When employees have to work alone, stress and isolation can negatively affect their mental health. Stress Management Standards include factors such as managing relationships with and support from other workers and managers. By providing avenues and procedures that ensure regular contact with and support from other co-workers and managers in a remote working environment, employers can alleviate the negative impact of stress and isolation.
In summary so far, there are many different combinations of risks a lone worker can face. The first step to avoid or minimise the severity of unfavourable outcomes from these risks, employers should conduct a thorough risk assessment, which we cover in-depth in the next section.
Conducting a lone worker risk assessment is one of the most important things that those responsible for employee safety should do. Not only does it help businesses to identify potential hazards associated with their industry and workspace, but it also makes the creation of a lone worker policy much easier and more effective.
As we covered in the previous sections, risks can either be very general or extremely specific to your industry. For example, a retail worker probably won’t need to worry about working at height, but a roofer isn’t likely to be interacting much with the public. To complete a useful risk assessment, it is best to follow a system that ensures you’ve identified all possible risks so you can follow up with training, monitoring systems, risk mitigation steps, and emergency response procedures to protect your lone workers while they are on duty.
It is also important to remember that conducting a risk assessment is required by law in the UK. Keeping a regularly updated record of your risk assessments is actually a legal requirement if you employ five or more people and not doing so will put your company at risk of being handed huge fines or worse.
Performing a lone working risk assessment first consists of five steps.
Attempting to delve into a lone worker risk assessment for the first time without a guide or template can lead to mistakes, and it could cost you—the average fine for violations of HSE regulations is estimated to be about £120,000.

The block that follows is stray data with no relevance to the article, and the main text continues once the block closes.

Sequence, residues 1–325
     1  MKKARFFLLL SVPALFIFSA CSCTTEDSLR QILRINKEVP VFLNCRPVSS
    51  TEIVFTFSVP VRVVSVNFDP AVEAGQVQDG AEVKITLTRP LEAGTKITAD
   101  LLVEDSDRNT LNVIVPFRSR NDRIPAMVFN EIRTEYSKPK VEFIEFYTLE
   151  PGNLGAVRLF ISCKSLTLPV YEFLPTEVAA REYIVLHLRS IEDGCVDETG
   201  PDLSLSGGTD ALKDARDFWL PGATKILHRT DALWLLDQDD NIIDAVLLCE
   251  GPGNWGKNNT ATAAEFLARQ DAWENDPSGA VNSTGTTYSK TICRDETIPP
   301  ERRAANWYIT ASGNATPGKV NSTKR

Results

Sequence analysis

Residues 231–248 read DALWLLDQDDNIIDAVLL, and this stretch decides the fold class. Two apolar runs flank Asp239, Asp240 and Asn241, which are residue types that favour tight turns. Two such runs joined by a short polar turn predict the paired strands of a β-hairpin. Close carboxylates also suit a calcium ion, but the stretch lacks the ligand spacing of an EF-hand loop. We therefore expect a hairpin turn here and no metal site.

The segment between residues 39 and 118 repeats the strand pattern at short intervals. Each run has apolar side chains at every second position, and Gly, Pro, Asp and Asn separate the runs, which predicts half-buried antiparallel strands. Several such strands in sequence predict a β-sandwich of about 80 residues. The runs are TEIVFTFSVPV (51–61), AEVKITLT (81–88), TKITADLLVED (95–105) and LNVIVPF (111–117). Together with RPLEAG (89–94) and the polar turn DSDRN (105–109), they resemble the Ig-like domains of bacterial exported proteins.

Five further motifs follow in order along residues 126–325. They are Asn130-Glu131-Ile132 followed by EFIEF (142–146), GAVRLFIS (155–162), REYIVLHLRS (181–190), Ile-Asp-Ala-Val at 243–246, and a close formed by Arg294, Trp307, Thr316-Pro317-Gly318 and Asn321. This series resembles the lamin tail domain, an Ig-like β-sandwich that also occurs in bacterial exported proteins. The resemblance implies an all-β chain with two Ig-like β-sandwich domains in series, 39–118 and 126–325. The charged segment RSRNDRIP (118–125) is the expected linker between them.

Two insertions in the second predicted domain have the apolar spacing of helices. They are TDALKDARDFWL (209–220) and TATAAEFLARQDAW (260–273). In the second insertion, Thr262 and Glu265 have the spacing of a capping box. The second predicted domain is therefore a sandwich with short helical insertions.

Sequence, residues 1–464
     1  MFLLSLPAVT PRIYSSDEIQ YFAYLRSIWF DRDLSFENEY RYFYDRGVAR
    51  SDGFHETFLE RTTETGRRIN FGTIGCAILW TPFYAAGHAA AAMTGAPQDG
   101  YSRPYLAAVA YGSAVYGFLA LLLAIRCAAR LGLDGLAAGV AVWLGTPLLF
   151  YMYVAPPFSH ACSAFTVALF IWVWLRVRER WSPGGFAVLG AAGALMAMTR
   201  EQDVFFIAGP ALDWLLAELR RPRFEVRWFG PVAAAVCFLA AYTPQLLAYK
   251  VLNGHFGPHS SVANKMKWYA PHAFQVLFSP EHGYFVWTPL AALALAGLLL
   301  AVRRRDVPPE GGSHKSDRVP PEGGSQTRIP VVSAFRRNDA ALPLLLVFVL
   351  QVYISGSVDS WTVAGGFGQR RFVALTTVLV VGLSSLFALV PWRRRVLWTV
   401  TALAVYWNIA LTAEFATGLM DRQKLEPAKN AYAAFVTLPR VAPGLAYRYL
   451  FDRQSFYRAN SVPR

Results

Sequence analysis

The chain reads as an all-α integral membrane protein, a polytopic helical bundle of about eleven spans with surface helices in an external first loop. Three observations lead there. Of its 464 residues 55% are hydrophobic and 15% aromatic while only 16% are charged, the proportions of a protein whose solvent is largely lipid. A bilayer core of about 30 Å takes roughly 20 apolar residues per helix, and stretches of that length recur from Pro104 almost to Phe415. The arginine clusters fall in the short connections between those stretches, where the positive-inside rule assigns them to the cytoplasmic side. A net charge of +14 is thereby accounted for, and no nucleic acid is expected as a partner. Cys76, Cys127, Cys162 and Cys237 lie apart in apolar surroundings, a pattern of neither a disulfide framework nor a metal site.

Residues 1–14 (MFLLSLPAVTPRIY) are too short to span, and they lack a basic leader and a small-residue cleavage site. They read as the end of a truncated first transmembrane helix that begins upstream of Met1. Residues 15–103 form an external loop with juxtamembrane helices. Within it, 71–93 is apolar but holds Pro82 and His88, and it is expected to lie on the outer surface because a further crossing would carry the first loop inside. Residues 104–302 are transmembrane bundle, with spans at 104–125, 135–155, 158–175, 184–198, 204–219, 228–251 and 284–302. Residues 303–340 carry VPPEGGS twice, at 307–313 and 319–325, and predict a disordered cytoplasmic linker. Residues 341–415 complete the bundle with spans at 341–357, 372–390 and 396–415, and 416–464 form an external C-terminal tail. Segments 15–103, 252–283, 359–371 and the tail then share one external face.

A lone working risk assessment template, like the one you can find here, is an easy way for you to determine where your business needs to improve, create new policies, or fine-tune existing regulations relating to health and safety.
The next step after completing the lone worker risk assessment is to create your lone worker policy. A good lone worker policy will cover everything that has been assessed and decided during the risk assessment process.
The policy becomes a one-stop resource for lone workers and those appointed to be responsible for adherence to the policy. Having a policy in place fulfils the responsibility of the employer to communicate rules and regulations around health and safety to their workforce.
Putting together a lone working policy can be completed by one person or several, so long as the people involved are experienced and knowledgeable to complete the policy with clarity and competence.
If you employ five or more people, then this policy must be in writing. It’s useful to speak with employees about any potential changes that may occur, both before your lone worker policy is finalised and afterwards.
Check out our guide, “Writing a Lone Worker Policy: Your Step by Step Guide” for industry best-practices and guidance on what to include in your lone working policy document.
Once your lone worker policy is completed, it is now your employees’ responsibility to understand and adhere to the policies designed to keep them safe. While employees have their role to play, it is important for managers to ensure their employees understand how to implement the policy by providing training that helps your employees properly adhere to the lone worker policy.
In summary, lone workers require more specific attention than general workers when it comes to health and safety procedures.
Despite the need for specific lone worker health and safety solutions, there is a tendency for lone worker protection to be seen as either an afterthought or an unnecessary expense in the health and safety world. The reason this happens is likely due to how the intricacies and additional steps of focusing on lone working safety can feel like a difficult burden upon managers and employers.
However, as you can now see, conducting a lone worker risk assessment and writing a lone worker policy doesn’t need to be complicated when you have a headstart with the right templates and guidelines.
Lone worker alarms, for example, allow users to access help and assistance whenever they need it, with features such as an SOS button and Man Down sensor that detects when they have taken a fall.
These personal safety devices can often just be clipped on a belt or worn on a lanyard and will connect the wearer with contacts from their own company or, alternatively, highly-trained operators who can alert emergency responders if necessary.
Lone worker alarms are only as effective as the workforce management software or alarm monitoring procedures behind it. Our own Protector™ software keeps track of workers via real-time GPS data and stores details of all activation alerts for access later.
This can be invaluable when it comes time to update your policy, as you’ll be working from real information rather than hypotheticals. To experience first-hand how this can impact your organisation, you can request a free trial of Protector™ via our contact form here.
Lone worker protection can be viewed with apprehension by many businesses, but it doesn’t have to feel like a burden. With the right tools and procedures in place, health & safety professionals can respectively meet the safety and compliance needs of their workers and organisation without feeling overwhelmed by the specific intricacies of lone worker protection.